Parents urged to get behind school vaccinations

14 February 2014
Parents of intermediate school age children are urged to return consent forms for their children’s 2014 vaccination programme.
The three-step human papillomaviris (HPV) vaccination programme for Year 8 girls begins in March. Boostrix vaccinations for Tetanus, Diphtheria and Pertussis (Whooping Cough) for Year 7 boys and girls, begin in June.

Public Health, Community and Rural Services clinical nurse manager Itayi Mapanda says considering that 150 to 160 New Zealand women develop cervical cancer each year and around 50 of those die from the condition, it’s very important that Year 8 girls do receive their HPV vaccination.

Besides protecting women against cervical cancer (which in 99 percent of cases is caused HPV infection), the vaccine also helps to protect against less common cancers, such as vaginal and other genital cancers and, some mouth and throat cancers caused by HPV infection.

In the meantime, there’s good reason why parents need to give their consent for their children to receive the Boostrix vaccinations:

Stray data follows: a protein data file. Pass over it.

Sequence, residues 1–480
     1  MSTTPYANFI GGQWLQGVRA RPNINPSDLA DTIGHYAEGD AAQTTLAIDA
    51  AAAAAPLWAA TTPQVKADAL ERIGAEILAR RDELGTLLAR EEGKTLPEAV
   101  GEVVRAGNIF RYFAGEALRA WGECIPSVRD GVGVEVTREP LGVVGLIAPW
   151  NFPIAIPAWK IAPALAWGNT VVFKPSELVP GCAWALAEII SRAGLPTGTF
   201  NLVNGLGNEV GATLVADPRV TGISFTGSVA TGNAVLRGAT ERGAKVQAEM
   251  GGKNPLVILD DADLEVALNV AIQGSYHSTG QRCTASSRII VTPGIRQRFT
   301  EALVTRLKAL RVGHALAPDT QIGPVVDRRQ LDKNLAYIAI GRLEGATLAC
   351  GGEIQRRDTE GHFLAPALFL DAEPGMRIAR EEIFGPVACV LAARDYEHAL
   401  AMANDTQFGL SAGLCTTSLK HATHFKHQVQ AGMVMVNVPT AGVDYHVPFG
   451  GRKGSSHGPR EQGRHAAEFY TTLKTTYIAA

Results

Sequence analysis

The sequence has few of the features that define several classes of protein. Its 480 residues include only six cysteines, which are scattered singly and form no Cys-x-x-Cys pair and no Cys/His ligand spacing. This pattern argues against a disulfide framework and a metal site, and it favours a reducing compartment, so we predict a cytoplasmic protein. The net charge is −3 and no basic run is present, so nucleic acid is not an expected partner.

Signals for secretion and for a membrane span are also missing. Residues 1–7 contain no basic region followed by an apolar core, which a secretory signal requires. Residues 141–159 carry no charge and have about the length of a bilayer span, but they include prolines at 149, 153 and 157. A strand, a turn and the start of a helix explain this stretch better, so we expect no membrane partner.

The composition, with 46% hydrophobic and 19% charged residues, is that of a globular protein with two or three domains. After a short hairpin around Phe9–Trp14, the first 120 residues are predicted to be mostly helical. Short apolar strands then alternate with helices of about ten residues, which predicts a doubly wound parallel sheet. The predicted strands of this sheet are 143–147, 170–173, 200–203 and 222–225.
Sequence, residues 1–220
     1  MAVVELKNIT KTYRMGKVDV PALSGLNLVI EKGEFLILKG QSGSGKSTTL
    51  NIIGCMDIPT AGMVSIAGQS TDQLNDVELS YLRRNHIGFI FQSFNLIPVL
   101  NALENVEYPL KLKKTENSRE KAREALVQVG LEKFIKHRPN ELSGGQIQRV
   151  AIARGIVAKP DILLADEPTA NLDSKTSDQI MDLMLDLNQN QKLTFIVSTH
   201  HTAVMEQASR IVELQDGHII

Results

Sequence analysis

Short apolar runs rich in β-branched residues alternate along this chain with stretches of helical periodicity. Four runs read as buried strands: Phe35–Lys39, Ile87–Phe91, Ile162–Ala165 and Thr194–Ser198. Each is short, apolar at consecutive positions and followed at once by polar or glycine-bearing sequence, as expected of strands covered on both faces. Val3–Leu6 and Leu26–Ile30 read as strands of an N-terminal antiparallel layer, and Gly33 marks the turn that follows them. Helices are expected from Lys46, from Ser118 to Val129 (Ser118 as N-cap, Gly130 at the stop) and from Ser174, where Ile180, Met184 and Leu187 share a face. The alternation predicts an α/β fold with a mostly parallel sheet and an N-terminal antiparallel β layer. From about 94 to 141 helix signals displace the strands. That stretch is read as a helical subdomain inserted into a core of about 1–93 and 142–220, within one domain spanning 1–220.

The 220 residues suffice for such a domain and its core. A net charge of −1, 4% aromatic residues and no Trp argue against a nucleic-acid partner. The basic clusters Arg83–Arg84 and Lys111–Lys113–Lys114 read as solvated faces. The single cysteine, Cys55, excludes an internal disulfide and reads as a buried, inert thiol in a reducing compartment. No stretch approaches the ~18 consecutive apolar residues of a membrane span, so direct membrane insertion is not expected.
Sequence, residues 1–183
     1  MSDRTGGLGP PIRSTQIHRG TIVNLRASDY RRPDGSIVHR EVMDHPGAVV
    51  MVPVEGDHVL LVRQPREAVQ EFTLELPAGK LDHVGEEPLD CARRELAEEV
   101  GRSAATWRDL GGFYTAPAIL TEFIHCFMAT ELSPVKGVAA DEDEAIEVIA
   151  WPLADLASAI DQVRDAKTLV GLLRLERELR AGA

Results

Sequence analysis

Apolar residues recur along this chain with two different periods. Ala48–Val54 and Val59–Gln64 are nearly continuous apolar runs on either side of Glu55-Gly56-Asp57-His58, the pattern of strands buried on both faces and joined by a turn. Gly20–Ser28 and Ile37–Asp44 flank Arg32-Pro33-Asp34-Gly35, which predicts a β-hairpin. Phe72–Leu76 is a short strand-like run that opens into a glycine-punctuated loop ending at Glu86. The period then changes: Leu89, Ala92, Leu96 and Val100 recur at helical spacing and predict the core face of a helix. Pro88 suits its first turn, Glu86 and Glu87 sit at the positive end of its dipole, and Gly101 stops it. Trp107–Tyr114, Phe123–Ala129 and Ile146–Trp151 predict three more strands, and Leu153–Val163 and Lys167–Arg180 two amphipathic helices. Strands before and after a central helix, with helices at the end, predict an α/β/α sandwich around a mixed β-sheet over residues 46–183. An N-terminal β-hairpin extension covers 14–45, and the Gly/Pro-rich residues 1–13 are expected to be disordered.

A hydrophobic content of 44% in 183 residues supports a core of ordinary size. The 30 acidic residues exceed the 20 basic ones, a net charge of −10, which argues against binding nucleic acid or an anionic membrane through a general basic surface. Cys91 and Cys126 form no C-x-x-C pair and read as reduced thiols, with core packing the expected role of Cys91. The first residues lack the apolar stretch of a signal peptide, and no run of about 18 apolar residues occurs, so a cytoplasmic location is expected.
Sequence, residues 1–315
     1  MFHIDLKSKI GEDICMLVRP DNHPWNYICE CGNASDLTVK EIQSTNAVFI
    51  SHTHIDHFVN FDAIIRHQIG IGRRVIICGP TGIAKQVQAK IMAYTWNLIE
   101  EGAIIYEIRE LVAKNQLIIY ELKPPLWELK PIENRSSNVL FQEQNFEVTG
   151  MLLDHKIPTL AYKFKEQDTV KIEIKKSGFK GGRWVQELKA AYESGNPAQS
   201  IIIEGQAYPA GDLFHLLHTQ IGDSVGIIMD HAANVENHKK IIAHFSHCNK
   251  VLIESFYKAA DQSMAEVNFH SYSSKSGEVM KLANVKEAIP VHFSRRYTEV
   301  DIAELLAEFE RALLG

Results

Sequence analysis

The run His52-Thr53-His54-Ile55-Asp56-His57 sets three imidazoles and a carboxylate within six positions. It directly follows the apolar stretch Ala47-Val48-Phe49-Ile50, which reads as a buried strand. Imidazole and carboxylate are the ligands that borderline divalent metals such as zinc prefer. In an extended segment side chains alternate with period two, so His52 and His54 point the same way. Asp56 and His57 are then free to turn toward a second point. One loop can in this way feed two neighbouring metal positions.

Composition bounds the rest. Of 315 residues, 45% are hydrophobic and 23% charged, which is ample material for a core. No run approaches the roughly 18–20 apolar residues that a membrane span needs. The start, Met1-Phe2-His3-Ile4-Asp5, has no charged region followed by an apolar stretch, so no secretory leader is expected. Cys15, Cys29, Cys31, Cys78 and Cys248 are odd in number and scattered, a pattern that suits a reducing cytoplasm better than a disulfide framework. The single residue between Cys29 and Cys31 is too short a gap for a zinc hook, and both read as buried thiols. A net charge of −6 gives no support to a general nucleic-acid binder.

• More than 8,000 cases of whooping cough were notified since the most recent outbreak of the disease began in August 2011
  • Whooping cough affects all age groups, but is especially severe for infants and young children
  • Tetanus and diphtheria are rare in New Zealand, but the infections are dangerous, and immunisation will prevent future cases.

Mrs Mapanda says on a positive note, of the 854 Whanganui children who were eligible for Boostrix vaccinations last year, only 65 failed to return their consent forms “which those of us working in the health sector consider a good response rate”.
“And at the end of the three rounds of Whanganui’s 2013 HPV vaccinations programme, 81 percent of our Year 8 Māori girls and 61 percent of all other ethnicities were vaccinated which compared well with 59 percent Māori girls and 53 all other ethnicities nationally,” says Mrs Mapanda
Mrs Mapanda says Whanganui health workers are proud of the district’s vaccination results and rightly so.
“It’s a real feather in the caps of WDHB immunisation coordinator Karen Howard and our public health nurses who drive these campaigns in our schools,” she says.